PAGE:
Right now, revisit some past chapter of your life – say, saving for that down payment, or opening your kid’s enormous college tuition bill, or needing a new roof after finally getting that leak checked. You go to check your finances for the first time in a while, only to realize you’re down 50% because Berkshire has been tanking.
Would you have held, having no idea whether the losses would continue coming or not? Yet knowing that the down payment, or tuition, or roof had to be paid?
Active managers can have large drawdowns, but it is even harder to sit through periods of underperformance vs. the broad stock market index like the S&P 500. Underperforming your neighbor is the hardest behavioral bias to overcome.
“I’ve heard Warren say a half a dozen times, ‘It’s not greed that drives the world, but envy,’” Charlie Munger.
Buffett and friends stock picks, and similarly Berkshire’s stock, have gone loonnnnggg periods underperforming the broad US stock market. How long could you handle that? Most say less than three years. Given his record maybe Uncle Warren gets more of a pass so lets go crazy and assume you could handle five years.
How would you react if I told you his stock picks have underperformed for the past 17 years? What if I said he underperformed 11 out of those 17?
Yet, had you invested in Berkshire at the turn of the century, his picks would have outperformed the S&P 500 by three percentage points PER YEAR. (Top 10 stock holdings, equal weighted and rebalanced quarterly, via AlphaClone.)
In fact, his performance would have beaten over 94% of all mutual funds during that period. (And the best part is he didn’t even charge you any management fees.)
That’s what it takes to outperform over time. Long ass periods of suck. (Technical phrase.)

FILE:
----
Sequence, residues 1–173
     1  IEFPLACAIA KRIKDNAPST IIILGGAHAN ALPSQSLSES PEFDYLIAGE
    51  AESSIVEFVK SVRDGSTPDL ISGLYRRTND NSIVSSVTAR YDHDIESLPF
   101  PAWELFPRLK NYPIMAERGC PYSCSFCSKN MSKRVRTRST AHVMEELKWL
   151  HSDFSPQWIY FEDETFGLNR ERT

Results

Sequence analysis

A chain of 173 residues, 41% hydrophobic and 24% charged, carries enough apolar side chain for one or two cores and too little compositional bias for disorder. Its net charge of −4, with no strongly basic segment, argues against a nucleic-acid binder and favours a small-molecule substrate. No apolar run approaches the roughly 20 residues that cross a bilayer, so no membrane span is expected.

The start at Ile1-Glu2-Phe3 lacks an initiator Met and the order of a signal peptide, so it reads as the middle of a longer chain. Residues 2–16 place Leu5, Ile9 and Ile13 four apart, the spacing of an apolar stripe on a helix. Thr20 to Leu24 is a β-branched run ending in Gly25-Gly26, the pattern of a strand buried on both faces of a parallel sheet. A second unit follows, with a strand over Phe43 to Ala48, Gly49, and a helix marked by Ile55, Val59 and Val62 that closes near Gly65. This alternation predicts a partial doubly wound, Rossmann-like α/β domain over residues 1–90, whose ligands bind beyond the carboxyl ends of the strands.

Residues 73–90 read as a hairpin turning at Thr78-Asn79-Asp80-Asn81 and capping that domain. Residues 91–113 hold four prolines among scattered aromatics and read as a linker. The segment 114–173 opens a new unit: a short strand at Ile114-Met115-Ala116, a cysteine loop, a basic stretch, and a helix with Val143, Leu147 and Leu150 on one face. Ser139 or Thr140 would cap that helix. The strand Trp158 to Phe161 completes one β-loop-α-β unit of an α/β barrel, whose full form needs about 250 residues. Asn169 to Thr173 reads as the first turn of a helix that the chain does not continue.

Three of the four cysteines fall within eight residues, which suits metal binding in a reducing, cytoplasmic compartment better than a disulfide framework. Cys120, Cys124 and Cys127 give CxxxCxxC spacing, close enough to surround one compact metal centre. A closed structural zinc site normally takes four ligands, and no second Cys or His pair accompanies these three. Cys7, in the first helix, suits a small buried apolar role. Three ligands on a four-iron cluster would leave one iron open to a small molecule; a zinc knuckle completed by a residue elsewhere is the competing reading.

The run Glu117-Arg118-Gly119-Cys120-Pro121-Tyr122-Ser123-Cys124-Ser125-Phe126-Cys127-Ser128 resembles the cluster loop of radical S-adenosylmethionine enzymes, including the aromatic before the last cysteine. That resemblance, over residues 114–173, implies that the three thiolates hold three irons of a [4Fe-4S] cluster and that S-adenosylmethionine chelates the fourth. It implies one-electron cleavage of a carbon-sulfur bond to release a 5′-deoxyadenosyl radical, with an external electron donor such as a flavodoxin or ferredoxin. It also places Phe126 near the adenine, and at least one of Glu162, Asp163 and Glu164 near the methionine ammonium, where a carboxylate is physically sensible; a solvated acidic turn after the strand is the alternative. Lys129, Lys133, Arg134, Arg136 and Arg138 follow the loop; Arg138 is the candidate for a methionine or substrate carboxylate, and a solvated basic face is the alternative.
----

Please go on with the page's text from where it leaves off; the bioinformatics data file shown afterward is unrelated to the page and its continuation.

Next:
Can you handle it? Most say they can’t. So, maybe the solution is you should just buy the S&P 500.
But, recall, most also said they can’t handle stocks underperforming bonds either.
This is why, despite being quite a simple endeavor (save, invest, and leave it alone) many people consistently fail at investing. Most will never leave their funds alone to achieve the magical 10x. Forget 100x.
So, what should your expectations be? Are they reasonable based on history?
These are mine, based on the path of investments over the past 120 years…:
Return expectations for investments over time, after inflation:
Real drawdowns for all of the above: 50%, worst case 90%.
A nicely constructed allocation: 4% per annum. Real drawdown 30%. Worst case 50%. (Here’s GMO on how long allocations can go with no real return, and you can also find historical asset allocation simulations in my free GAA book.)
Length of time any investment could have zero return or underperform a benchmark and still be viable: 20 years. (Worst case was 68 but most will never make it past 20.)
So, for those of you clicking on those internet ads promising 20% a year? Those ads promising outperformance EVERY year?
Good luck, you’ll need it.
PS For those interested in how I personally go about constructing my portfolio allocation, stay tuned in the coming weeks for a blog post update on how I manage my own money.